The rise of the Hollywood studio system was a critical stage of the movie industry. The Biography Company sent Griffith and his team of actors to the West Coast towards Georgia Street where they started shooting a film in the available vacant spaces. It is at this time that Griffith decided to explore Hollywood and decided to shoot one of his melodrama movies there. At the production of this film, it attracted a lot of attention and Griffith found Hollywood an interesting place to shoot his movies (Ragan 23-43). When many filmmakers found out about his venture, they decide to visit Hollywood to produce films. Another reason why most Filmmakers preferred to visit Hollywood is that they saw it as a cheap way to avoid the charges that Thomas Edison was charging them to make movies. After the world war, the more people from Europe visited Hollywood. Another transformation that occurred during the Hollywood studio system was the introduction of the use of sound in filmmaking (OBrien 43). While this was a positive change, the filmmakers who had learned about silent film lost popularity after this change.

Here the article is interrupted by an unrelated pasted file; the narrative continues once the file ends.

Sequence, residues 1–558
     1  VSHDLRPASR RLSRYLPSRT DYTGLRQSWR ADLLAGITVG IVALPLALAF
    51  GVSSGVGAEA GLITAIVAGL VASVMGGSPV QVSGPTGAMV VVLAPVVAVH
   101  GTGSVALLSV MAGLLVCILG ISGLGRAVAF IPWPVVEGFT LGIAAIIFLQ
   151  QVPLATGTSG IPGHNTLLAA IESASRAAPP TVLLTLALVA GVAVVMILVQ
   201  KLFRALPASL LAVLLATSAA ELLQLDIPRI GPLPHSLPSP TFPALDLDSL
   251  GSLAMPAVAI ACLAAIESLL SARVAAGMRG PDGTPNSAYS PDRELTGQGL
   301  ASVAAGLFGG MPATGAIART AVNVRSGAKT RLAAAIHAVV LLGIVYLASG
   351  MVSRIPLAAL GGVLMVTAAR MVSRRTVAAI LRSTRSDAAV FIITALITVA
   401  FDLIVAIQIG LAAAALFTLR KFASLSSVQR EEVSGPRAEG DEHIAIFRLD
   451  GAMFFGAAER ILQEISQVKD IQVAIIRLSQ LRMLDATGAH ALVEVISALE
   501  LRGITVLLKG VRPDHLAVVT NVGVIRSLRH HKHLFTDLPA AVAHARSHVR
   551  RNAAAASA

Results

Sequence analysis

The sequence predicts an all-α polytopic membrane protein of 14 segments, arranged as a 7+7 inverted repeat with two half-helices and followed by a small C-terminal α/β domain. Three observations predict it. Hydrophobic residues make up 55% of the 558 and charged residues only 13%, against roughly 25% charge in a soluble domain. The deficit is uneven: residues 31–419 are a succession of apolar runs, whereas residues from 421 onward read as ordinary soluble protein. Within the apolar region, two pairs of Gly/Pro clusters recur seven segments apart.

During the era of the studio system, the filmmakers followed the Hay production code as part of the conditions of the studio production. Those who did not comply with the Hay code had to pay heavy fines. However, the studio system ended in the early 1940s when another law emerged to separate the production of films and their exhibition. The Federal antitrust action was a new law that led to the break up the studio system and paved way for individual production (Ragan 67). Secondly, technology development opened up a new era of production in the history of American movies. The emergence of the television technology encouraged many people to pursue filming individually.